The challenges of enlivening an opera classic

The challenges of enlivening an opera classic

PETER TROMP chatted to various members of the behind the scenes team of ‘Il Viaggio a Reims’ and got the scoop on what opera buffs can look forward to. The much anticipated Cape Town Opera production of the Rossini classic will be showing at the Baxter Theatre for five performances only from Tuesday to Saturday, August 26 to 30.

What can audiences look forward to with this production?
‘Il Viaggio a Reims’ is an incredibly eccentric and flamboyant comedy, filled with spectacular and joyful music. We’ve matched the zany text with a bright and breezy, off-the-wall production, set in a modern airport. It’s full of laughs and quirky touches.

What attracted you to the project in the first place?
I was initially nervous to take on my first Rossini opera. He tends to write a lot of rather long passages of elaborate music when nothing is moving forward in the plot. This is a big challenge for a director, but also offers great scope for creativity as you get to invent a lot of storyline to bring the repeats in the music to life.

What would you say is the most important decision a director must make in order for an opera to be a creative success?
I always try to work out what I can bring to a work that will allow it to communicate effectively with an audience. Should the treatment be realistic or more abstract, bold or subtle, irreverent or subdued? It’s about knowing what you want to say, and then trying to settle on the best form and style to convey the message.

KAMAL KHAN (Conductor)

Tell us a little about the music of ‘Il Viaggio a Reims’ and what makes it special.
‘Il Viaggio a Reims’ was written to celebrate a great international event, namely the coronation of Charles X of France. Paris was truly the place where one could find the finest musicians, and where one could afford to hire the finest opera singers, but rather than writing a heavy cantata, Rossini played a Pirandello-esque joke. The audience saw and heard a crowd of people like themselves – well off, successful and self obsessed – trying to reach the coronation against “trying” circumstances (I believe they are what we call “first world problems”). How did he succeed in getting people to laugh at themselves? By endowing them with some of the most glorious canto fiorito, literally “flowery singing” and sparkling ensemble singing ever written, before or since.

What are your favourite musical passages of the opera?
My favorite sections are two – the ‘Gran Pezzo Concertato’, which starts off with thirteen unaccompanied voices, and then, joined by a fourteenth, creates the rollicking first act finale of the opera. My other favourite is the sextet which has, nestled in the middle of it, accompanied by offstage harp, Corinna’s aria ‘Arpa Gentil’, which is as profound a musical exploration of the power of song to encourage mankind to aspire to the noblest ideals as exists anywhere in the literature. Who but Rossini could embed this in a comical sextet full of jealous lovers and hard drinking?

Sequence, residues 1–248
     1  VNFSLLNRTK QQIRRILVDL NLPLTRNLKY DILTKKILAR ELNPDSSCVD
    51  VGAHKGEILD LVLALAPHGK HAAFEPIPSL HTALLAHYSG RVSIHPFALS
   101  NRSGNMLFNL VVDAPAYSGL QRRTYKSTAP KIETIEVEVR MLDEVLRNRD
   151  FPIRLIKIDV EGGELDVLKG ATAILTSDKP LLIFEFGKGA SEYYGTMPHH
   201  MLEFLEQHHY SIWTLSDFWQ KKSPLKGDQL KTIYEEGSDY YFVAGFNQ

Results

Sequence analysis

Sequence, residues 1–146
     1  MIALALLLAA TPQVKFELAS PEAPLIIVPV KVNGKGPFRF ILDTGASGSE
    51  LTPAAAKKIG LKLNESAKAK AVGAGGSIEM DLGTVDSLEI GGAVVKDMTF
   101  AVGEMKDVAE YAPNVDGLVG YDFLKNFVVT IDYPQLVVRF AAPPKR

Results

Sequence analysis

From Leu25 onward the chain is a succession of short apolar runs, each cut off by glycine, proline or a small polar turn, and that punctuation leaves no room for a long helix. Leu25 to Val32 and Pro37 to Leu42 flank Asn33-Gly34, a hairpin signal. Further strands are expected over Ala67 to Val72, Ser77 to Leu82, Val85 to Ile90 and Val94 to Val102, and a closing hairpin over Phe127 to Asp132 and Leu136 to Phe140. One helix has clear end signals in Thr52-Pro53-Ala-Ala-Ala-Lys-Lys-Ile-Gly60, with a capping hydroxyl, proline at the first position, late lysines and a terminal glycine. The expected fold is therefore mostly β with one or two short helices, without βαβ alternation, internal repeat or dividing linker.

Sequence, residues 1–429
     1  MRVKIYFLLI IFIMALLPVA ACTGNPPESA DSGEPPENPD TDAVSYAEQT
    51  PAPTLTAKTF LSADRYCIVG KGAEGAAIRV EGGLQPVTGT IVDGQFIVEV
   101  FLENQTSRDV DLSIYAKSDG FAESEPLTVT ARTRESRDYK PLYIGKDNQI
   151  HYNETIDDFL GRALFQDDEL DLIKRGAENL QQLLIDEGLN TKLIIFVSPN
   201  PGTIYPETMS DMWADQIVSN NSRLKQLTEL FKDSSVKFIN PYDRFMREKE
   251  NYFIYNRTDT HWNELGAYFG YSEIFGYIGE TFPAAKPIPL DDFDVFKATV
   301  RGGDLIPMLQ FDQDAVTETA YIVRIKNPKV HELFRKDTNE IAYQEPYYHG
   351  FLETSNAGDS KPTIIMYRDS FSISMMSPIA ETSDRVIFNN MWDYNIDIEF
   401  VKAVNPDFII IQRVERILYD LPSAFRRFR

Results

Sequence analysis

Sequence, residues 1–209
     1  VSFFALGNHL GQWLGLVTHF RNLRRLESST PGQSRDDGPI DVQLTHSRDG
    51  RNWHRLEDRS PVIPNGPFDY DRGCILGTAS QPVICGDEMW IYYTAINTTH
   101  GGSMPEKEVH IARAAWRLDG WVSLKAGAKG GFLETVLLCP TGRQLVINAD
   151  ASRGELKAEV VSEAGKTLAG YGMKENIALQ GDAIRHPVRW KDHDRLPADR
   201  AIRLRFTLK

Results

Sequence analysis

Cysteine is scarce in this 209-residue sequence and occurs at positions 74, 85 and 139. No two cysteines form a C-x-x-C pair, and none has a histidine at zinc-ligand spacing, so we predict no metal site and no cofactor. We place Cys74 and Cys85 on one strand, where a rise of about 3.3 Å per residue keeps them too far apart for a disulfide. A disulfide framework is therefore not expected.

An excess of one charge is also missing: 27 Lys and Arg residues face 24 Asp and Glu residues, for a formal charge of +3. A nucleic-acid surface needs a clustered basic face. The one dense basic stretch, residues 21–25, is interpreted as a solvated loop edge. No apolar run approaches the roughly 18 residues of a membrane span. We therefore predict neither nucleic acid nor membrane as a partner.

LEOPOLD SENEKAL (Original scenery and costume designs)

Can you please explain some of the overt, and more subtle choices you made in trying to establish a unified, and exciting visual sheen to the production.
The first explicit, categorical design choice was to set the entire opera in an international airport. As Henry Rollins puts it, “Airports in major cities are trippy environments. It is at once a national and international gathering of those in transition: The euphoric, emerging from planes, their journey at an end, and the determined, about to depart.”
We concentrated on the latter, but rather than depart, they all got stuck.
The decision had its pros and cons. It benefited the design in terms of allowing me to create a coherent, contemporary, articulated, clean, sleek, modern and highly stylized set and costume design that effortlessly translated and supported not only the overall design concept but also the array of outrageous characters.
On the other hand, placing the entire production in one setting was limiting and restrictive, triggering various additional challenges.
This forced us to come up with subtle, creative and inventive solutions to seamlessly manipulate the various elements of the set, allowing sleek and clean scenic transitions contributing to the unique vibrant visuals and contemporary contextual poetry of the production.

KOBUS ROSSOUW (Lighting design)

Lighting is one of those technical skills that not too many people appreciate the intricacies of. Can you please explain some of the choices you have been weighing up to give ‘Il Viaggio a Reims’ the appropriate lustre.
The Lighting Design for ‘Il Viaggio a Reims’ must provide a bright and “glossy” lighting interior, which is typical of today’s mega international airports like London Heathrow, Paris Charles de Gaulle and Frankfurt Airport. The arrival and departure halls in these airports are designed in such a way that the traveller remains oblivious to the time of day. The international traveller is in constant transit and must remain alert (courtesy of the bright digital display boards and signage), entertained (shopping) and fed.

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